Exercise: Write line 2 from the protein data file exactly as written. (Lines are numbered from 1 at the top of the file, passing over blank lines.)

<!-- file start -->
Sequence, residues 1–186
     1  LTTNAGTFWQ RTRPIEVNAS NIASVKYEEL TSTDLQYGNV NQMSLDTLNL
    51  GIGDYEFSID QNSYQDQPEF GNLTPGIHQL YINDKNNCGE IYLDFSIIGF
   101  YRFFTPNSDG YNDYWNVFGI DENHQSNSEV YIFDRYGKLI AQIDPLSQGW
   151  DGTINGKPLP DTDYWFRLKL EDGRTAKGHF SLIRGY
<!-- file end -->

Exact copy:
     1  LTTNAGTFWQ RTRPIEVNAS NIASVKYEEL TSTDLQYGNV NQMSLDTLNL